How hard should my tyres be?
It's a common question we hear from all types of bike users - the more experienced commuter and sport riders to the most occasional of fair weather riders.
There's a lot of talk about performance and tyre pressure but in this brief guide we intend to keep it simple. You need enough air in your tyres to prevent damage to the wheel or inner tube when you ride over a pothole, but no so much that you risk blowing the tyre off the wheel rim.
How to I know what the pressure range of my tyre is?
Most modern tyres on adult bicycles are designed to be inflated to 4-6 bar (55-85psi) with some narrow tyres on racing bikes going as high as 7-10 bar (101-145psi)! Luckily almost all tyres come with a maximum pressure indication moulded into the side of the tyre and sometimes it is also printed on tyre along with the manufacturers logo. Sometimes a minimum pressure or an 'inflate to..' statement is also provided.
Either way this tells you what the maximum pressure rating is and serves as a guide when inflating your tyres.
So what do I pump them to?
The general consensus is that the harder you tyres are the less likely you are to get a puncture. On this basis you can safely pump your tyres all the way to the max indicated on the sidewall. If you find the ride is too hard and you are feeling every little bump in the road you can reduce the pressure a little bit or as low as the lower number on the tyre. It is generally not a good idea to run your tyres lower than this to avoid punctures or damage.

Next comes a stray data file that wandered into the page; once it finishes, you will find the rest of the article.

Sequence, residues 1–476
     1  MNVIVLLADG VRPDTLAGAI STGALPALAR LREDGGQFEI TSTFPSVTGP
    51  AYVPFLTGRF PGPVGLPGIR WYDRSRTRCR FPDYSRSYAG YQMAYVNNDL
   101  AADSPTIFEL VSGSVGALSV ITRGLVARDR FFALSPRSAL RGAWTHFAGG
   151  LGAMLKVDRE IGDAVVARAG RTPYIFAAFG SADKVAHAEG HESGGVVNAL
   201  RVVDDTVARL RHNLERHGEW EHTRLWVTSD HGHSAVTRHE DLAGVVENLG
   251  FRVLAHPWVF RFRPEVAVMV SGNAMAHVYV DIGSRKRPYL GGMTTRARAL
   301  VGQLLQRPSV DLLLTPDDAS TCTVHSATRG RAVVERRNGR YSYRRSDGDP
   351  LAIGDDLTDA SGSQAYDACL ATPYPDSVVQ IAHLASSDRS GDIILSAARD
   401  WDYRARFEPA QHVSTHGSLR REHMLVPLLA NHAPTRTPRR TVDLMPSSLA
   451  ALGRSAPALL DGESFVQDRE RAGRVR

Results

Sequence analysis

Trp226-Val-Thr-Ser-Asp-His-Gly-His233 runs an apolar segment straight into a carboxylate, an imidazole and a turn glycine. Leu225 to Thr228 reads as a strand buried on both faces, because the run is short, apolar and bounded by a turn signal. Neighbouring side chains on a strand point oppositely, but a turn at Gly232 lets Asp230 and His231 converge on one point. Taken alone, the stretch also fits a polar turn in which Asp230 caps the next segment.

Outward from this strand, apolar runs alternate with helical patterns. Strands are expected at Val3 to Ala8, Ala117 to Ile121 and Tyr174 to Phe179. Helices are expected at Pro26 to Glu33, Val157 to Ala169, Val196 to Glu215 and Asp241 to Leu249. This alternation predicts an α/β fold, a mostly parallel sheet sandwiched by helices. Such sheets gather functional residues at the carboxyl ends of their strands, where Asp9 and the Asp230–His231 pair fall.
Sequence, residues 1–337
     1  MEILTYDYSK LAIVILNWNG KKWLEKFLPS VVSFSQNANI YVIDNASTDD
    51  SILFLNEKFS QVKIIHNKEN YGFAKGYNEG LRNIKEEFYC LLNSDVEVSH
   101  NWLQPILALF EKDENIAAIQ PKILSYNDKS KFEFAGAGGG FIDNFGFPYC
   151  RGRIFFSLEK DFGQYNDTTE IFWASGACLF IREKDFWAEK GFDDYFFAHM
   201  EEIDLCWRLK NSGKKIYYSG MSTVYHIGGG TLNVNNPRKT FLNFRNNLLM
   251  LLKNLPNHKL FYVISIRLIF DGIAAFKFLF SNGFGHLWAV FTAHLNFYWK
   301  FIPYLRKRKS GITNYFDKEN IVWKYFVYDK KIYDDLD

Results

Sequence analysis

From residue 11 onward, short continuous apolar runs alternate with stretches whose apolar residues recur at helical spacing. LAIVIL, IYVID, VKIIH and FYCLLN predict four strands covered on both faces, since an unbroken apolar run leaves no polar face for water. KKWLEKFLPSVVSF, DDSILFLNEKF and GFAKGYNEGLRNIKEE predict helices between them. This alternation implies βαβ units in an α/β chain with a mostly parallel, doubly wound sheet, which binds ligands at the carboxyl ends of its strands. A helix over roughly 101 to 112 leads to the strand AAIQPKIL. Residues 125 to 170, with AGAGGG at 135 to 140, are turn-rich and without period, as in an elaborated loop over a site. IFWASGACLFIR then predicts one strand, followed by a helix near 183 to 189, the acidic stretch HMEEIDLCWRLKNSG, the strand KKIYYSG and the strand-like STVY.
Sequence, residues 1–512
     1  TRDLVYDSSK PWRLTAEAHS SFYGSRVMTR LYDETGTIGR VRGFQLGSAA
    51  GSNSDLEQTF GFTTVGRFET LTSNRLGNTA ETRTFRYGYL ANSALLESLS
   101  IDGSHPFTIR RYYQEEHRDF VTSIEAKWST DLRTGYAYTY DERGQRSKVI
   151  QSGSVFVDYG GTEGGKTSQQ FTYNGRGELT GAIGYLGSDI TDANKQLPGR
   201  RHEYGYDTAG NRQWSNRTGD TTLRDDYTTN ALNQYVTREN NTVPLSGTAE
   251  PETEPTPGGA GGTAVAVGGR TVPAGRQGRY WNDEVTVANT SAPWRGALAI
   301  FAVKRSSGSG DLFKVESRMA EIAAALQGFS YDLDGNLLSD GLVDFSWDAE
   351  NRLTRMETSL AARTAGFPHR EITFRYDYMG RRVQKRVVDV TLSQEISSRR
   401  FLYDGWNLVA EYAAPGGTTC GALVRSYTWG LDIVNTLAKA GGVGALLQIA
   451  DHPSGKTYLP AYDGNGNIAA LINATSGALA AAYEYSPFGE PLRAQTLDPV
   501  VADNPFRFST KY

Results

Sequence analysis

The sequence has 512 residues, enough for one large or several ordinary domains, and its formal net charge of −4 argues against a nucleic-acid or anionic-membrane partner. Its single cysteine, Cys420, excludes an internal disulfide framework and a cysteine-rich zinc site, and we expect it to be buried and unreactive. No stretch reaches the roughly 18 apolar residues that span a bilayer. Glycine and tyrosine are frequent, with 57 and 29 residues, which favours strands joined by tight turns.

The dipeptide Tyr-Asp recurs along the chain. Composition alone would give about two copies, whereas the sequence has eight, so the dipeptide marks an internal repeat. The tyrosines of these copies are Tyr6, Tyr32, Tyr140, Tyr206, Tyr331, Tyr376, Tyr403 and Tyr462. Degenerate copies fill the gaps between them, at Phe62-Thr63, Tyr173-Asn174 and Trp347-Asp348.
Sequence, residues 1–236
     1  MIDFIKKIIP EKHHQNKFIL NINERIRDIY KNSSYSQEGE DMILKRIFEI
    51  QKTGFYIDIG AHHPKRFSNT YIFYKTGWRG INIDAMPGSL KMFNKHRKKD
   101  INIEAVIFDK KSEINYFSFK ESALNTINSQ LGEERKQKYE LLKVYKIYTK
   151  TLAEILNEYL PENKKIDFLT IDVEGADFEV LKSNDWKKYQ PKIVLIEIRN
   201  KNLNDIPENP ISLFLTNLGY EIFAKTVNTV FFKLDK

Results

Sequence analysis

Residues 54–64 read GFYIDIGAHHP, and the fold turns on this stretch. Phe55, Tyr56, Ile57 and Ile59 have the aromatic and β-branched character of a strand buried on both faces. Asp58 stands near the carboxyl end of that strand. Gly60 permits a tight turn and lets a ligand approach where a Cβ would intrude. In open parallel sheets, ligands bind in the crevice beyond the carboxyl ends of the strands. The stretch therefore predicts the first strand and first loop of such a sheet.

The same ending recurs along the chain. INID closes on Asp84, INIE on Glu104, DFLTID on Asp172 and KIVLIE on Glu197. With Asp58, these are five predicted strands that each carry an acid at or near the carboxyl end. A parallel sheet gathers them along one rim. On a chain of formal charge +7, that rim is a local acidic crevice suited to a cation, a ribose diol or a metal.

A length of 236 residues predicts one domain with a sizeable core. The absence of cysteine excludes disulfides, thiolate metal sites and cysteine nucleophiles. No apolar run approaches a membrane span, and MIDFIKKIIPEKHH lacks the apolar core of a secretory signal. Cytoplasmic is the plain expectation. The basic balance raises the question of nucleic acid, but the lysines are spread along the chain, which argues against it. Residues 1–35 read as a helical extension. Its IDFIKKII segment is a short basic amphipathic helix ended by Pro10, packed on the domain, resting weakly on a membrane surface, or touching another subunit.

Tip: When you fit the inner tube, align the valve of the tube with the pressure marking on the tyre. That way you don't have to hunt for it when you are pumping your tyre!
How often should I pump my tyres?
German tyre manufacturer Schwalbe recommends you check and pump your tyres at least every 30 day. We say don't argue with the Germans!
Contrary to popular belief tyres don't explode as a direct result of over pumping them. Modern tyres are tested to well over 2x the maximum pressure rating and will only blow off the wheel or blow a hole in the tyre if something's not right. See our ucoming trouble shooting guide to tyre and tube problems for a detailed exploration of the topic.